Hello and welcome to my Sunday Recommendation. Thanks for joining me. Every week I read great wildlife and nature books, stumble upon engrossing websites and hear wonderful new music. This is my chance to bring you carefully curated recommendations of all the best I’ve experienced – every Sunday.
If it’s folk, or independent, or about wildlife, nature or Orkney, I may love it, and so may you.
Adenine by Adenine
This week I’ve been thrilled by Adenine, the new solo project from the Scottish composer and harp-virtuoso, Ailie Robertson. Ailie Robertson is a composer, arranger and teacher well known for her improvisation and virtuoso harp playing. She has performed and recorded with other artists and ensembles and recorded more traditional harp music, but this is her new solo project.
Adenine, the album, is both complex and simple, full of rich, multi-layered sounds, using an electric harp, pedal effects, outdoor recordings and a modular synthesiser.
If you like Erland Cooper, then Adenine may well be for you. I bought the vinyl album direct from Ailie on her Bandcamp site and it’s playing right now. Here’s Smirr, meaning a light drizzle or rain, which contains an outdoor ‘field’ recording of a stream:
And here’s Flindrikin, with a video by Samuel Hurt, which has more electronics that the other pieces, presumably because it was produced by Ailie and Andrea Gobbi:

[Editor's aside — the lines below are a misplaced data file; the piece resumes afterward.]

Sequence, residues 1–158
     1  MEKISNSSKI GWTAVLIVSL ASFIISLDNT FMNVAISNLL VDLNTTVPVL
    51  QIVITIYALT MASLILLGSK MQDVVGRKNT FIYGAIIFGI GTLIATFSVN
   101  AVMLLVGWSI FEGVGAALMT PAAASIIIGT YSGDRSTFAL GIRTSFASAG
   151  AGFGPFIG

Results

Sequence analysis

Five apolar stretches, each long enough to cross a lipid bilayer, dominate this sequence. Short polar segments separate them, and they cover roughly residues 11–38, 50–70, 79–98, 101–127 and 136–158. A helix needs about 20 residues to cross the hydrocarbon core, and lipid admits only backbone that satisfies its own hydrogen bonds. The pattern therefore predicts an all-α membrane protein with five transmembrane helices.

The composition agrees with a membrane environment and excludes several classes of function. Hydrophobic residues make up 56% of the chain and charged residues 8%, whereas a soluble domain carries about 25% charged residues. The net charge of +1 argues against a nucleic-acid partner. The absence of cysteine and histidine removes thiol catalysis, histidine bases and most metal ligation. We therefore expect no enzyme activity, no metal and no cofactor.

The world in 2020 is very different from 2019. Many people are stressed, financially challenged and have lost loved ones. Many are looking for a way to relax and disengage from the world of masks, self-isolation and risks of infection. Adenine has arrived at the perfect moment. Her music is a balm for the soul.
I’m someone who bought Ambient 1 – Music for Airports by Brian Eno in the 1980s, with its attempt to use repeating loops of sounds to defuse the tense, anxious atmosphere of an airport terminal. I also still adore Renaissance of the Celtic Harp by Alan Stivell, from 1972, and play the vinyl when I’d like to relax. Adenine’s album feels like the perfect equivalent, in that it was made for this time, to diffuse the tension of 2020. With more people taking up meditation, increases in stress and anxiety, and concern about emotional well-being, relaxing to music has taken on an ever increased importance.
The outdoor recordings, electronics, processed voices and glorious harp combine into a complex, beautifully mixed, whole, which is deeply emotional. It’s a sophisticated blend of sounds with shifting moods, and melodies which are often under the surface rather than exposed. It’s a beautiful piece of work.
The vinyl album is available in an edition of just 300 copies. I bought mine from Bandcamp, directly from Adenine’s shop here:
https://adenine1.bandcamp.com/album/adenine. It always feels good to support the artist directly.
I’m delighted she’s made something so appealing. I hope you might find it a balm for your soul, too, in these troubled times.
That’s it for this week. I’ll be back with more recommendations of things you might adore next Sunday. In the meantime, I wish you a great week. Keep safe, everyone.